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Master Cylinder Reservoir Won’t Seal

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Clay Bastian
(@10238)
Posts: 1
New Member
Topic starter
 

I’m restoring a 1974 R75/6. Is there a way to seal the bottom of the reservoir to the cylinder?  I tighten the single bolt as much as I dare, but fluid leaks out as soon as it’s poured in. It worked fine the last time it was on the bike. 

 
Posted : 12/10/2020 11:21
Richard Whatley
(@wobbly)
Posts: 2255
Member
 

1. There is a, sometimes hidden, o-ring between the reservoir body and the master cylinder body. You'll need to locate that part and replace it.

2. In order for the o-ring to make an effective seal, all 3 parts need to be surgically clean. 

3. There are both metric and inch-based o-rings. Sometimes I have better luck installing the slightly oversized (in cross section) version from the opposite measurement system. An o-ring assortment box is a great thing to keep around.

Hope this helps.

[color=blue]Don't hide 'em, Ride 'em !!
#15150[/color]

 
Posted : 12/11/2020 07:07
Doyle Smith
(@7596)
Posts: 2
New Member
 

When I rebuilt my R90S master cylinder the kit did not include a new o-ring for the reservoir. I took the cylinder and the reservoir to a knowledgeable old time auto parts store and the counterman found me a blue colored o-ring that worked perfectly. It was of some sort of special rubber perhaps Viton designed for a/c systems. Try that and if you fail email me offlist and I will try to help you.

 
Posted : 01/15/2021 21:51
tom Lyons
(@airhead-tom)
Posts: 5
Active Member
 

suggestion: when you find a O-ring of the correct fitment dimensions, you'll want to test its compatibility to brake fluid. let it soak overnight in brake fluid then look carefully to ensure it isn't decomposing.  Some o-ring materials are impervious to DOT4, some are not. Always better to find out before refilling the Reservoir and putting the gas tank back on.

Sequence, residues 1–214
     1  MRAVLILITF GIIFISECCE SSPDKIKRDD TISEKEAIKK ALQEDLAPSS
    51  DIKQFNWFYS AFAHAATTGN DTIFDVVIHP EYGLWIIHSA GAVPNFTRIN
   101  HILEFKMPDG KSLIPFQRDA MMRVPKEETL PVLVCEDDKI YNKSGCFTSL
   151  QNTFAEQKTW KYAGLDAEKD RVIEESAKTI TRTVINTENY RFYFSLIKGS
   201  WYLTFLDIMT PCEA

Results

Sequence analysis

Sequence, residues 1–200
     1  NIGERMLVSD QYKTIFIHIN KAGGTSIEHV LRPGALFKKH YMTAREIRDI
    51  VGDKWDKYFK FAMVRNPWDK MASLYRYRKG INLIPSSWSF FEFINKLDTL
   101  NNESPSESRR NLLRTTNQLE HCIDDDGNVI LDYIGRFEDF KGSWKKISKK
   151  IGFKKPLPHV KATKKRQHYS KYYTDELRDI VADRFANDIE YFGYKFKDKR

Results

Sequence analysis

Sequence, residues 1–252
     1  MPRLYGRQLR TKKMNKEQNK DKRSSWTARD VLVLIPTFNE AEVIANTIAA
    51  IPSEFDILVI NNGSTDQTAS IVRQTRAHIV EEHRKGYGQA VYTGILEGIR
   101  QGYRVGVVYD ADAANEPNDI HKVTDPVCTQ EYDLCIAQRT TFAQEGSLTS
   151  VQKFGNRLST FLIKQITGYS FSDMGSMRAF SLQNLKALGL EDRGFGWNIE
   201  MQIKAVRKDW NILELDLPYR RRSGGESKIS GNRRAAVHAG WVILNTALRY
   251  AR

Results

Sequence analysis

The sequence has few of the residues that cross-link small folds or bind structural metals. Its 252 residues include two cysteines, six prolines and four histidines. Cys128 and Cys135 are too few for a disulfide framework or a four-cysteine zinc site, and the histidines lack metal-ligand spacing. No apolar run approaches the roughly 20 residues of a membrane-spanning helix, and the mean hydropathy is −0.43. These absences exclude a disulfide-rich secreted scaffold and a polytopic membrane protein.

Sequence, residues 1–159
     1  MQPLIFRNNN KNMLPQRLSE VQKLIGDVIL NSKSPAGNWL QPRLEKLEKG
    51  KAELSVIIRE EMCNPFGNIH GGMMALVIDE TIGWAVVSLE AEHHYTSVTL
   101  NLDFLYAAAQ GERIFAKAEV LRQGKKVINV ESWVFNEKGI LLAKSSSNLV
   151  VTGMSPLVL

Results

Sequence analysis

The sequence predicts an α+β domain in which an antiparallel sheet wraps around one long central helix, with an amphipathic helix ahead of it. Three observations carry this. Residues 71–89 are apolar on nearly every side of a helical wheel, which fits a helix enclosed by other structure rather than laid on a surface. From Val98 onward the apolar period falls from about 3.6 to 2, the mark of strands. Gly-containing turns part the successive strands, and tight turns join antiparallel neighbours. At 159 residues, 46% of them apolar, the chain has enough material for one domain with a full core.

Posted : 02/08/2021 21:17
Jim Wilson
(@1559)
Posts: 198
Estimable Member
 

ok gents,

 

there is no hidden seal. in fact there are 2 seals under the whitish plastic reservoir. these are not so commonly sold with a rebuild kit, LOOK at the dealer selling you the kit and if they state [ 99%] when stated] say viton or buna . .. . you're IN Trouble.

 

brake fluid is particular in that you NEED - - -  MUST ONLY USE an EDPM material seal rubber.  ... If you don't at some point in time that seal WILL Fail.

 

pm me as i have a couple extra. 

EPDM

While NBR and FKM have similar chemical resistance, EPDM is completely different. It is incompatible with petroleum (oil and gasoline), but it is compatible with alcohols (ethanol, methanol, and nitromethane), water, coolants (both ethylene and propylene glycol), and glycol-based brake fluid. Of all three rubber types, EPDM is the only one that should be considered for use anywhere in a braking system. (Of course there have to be exceptions -- the Citroen and Rolls-Royce high-pressure brake/suspension systems that use green hydraulic oil must avoid EPDM and should use FKM instead.)

 

This post was modified 1 year ago by Jim Wilson
 
Posted : 06/03/2021 15:10
Richard Whatley
(@wobbly)
Posts: 2255
Member
 
Posted by: @1559

OK gents,

There is no hidden seal.

By "hidden" I only meant to infer there was a seal between the reservoir and metallic body that could not be seen unless you completely stripped the m/c down to bare bones. By "hidden" I meant to infer that you cannot short-cut the job by merely removing the piston assembly and only replacing the seals supplied with the rebuild kit. 

 

I will further admit that in my specific case, any o-ring that fits the groove provided works fine for me. But my personal case is special. I use DOT5 Silicone brake fluid which is not caustic to paint, o-rings or electrical equipment. 

[color=blue]Don't hide 'em, Ride 'em !!
#15150[/color]

 
Posted : 06/05/2021 07:39

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